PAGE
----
Persistence of solid fuel use despite increases in LPG ownership: New survey evidence from rural north India (working paper)
Authors: Aashish Gupta, Sangita Vyas, Payal Hathi, Nazar Khalid, Nikhil Srivastav, Dean Spears, Diane Coffey
Solid fuel use is an important contributor to air pollution and disease burden in India. We present survey evidence documenting LPG ownership and cooking fuel use in rural north India. LPG ownership has increased rapidly, substantially driven by the Ujjwala Yojana.
Three-quarters of rural households in Bihar, Madhya Pradesh, Rajasthan, and Uttar Pradesh now have LPG. Almost all of these households also have a stove that uses solid fuels, and among those owning both, almost three-quarters used solid fuels the day before the survey. Poverty, relative costs of cooking fuels, gender inequality, and beliefs regarding the ease, food taste, and health impacts of cooking with solid fuels versus LPG are important contributors to high solid fuel use despite LPG ownership.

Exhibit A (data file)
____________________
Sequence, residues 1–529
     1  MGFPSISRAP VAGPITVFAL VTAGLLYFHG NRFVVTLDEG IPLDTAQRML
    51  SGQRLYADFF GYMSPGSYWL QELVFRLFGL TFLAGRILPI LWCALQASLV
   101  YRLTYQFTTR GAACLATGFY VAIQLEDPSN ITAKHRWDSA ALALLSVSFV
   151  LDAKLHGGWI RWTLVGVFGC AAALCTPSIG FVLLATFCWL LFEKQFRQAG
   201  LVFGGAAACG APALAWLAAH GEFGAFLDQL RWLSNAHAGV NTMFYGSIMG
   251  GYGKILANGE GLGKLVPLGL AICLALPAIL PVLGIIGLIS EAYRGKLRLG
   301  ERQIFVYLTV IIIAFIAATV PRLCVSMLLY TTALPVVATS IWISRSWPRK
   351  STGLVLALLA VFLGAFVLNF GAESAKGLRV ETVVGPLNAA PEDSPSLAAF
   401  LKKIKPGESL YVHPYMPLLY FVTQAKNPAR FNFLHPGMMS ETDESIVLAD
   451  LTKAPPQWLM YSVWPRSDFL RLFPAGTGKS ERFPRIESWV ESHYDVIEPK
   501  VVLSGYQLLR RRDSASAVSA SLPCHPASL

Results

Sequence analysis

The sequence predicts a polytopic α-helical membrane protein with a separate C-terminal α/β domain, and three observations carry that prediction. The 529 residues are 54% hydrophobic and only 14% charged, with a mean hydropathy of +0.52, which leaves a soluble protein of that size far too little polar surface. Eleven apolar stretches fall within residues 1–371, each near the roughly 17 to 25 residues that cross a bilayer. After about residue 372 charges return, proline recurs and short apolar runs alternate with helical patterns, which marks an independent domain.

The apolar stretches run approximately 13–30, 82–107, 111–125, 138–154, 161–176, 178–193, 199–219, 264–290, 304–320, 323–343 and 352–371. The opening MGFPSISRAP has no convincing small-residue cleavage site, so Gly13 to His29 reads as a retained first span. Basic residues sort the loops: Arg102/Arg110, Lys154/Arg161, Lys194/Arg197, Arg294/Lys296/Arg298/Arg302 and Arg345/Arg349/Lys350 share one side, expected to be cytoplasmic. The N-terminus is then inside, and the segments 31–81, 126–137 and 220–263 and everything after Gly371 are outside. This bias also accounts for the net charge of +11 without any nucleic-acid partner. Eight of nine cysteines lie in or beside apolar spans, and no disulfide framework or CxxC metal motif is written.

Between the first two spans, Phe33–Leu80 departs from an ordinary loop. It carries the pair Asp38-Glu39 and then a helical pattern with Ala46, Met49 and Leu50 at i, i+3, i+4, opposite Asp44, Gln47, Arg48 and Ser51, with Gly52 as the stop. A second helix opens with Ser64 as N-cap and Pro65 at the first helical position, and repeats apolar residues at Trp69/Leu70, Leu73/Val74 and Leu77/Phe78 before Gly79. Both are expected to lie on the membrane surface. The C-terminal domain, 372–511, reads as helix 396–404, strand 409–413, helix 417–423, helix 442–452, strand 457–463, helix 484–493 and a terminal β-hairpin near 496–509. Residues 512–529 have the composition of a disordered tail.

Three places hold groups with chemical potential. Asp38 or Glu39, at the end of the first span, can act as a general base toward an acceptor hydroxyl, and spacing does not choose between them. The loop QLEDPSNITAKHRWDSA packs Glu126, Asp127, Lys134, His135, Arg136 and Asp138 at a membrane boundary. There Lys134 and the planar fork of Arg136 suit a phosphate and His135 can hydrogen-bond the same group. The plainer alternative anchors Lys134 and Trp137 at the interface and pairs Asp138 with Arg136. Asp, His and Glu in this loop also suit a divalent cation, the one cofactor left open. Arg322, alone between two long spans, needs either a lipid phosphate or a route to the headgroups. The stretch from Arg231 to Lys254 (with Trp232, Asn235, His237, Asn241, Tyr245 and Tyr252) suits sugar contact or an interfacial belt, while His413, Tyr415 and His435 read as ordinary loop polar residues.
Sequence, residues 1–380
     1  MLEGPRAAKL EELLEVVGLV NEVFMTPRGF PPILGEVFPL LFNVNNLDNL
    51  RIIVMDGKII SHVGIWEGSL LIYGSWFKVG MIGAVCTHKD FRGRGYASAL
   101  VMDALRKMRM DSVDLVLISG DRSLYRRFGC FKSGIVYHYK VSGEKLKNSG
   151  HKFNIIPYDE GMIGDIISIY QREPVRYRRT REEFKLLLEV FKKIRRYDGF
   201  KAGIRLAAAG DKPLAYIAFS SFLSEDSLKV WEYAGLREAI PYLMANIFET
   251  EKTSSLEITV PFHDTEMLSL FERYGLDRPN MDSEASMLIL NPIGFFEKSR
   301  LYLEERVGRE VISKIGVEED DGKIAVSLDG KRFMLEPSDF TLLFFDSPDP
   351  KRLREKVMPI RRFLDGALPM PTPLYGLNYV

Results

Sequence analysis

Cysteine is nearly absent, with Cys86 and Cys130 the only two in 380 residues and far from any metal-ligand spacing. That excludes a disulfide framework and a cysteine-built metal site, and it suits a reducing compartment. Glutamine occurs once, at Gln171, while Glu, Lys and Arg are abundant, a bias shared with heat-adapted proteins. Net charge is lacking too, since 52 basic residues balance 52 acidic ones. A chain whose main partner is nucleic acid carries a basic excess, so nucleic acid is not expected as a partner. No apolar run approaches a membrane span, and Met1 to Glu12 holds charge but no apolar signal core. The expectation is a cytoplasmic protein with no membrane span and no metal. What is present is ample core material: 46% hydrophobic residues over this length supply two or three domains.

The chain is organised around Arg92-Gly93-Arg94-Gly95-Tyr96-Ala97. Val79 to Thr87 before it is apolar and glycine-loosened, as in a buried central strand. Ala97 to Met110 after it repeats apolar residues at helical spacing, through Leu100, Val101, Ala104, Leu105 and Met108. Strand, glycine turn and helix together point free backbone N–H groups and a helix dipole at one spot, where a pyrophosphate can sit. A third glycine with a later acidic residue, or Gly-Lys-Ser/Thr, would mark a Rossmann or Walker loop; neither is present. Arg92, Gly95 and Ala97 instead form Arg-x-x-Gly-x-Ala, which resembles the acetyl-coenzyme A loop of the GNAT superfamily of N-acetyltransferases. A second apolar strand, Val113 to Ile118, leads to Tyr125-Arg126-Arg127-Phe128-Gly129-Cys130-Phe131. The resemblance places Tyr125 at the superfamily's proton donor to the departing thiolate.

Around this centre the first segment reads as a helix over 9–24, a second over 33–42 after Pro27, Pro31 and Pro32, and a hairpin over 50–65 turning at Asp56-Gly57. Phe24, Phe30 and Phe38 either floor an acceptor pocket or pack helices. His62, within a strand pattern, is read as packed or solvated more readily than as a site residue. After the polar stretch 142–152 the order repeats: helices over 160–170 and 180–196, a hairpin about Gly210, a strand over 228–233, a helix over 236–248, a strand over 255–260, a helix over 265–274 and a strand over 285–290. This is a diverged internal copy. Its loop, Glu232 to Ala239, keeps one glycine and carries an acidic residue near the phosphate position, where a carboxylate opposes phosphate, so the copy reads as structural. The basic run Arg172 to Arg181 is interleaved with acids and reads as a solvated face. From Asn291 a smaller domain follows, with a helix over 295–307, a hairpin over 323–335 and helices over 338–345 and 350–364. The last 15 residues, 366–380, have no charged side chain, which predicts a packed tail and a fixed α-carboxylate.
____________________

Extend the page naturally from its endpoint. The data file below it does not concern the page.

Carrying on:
Households that continue to use solid fuels continue to expose themselves, their household members, and their neighbours to harmful air pollution. To realize the full health benefits of Ujjwala’s expansion in LPG ownership, attention must now be turned towards discouraging the use of solid fuels and promoting exclusive use of LPG. This is an urgent priority for research, policy, and action.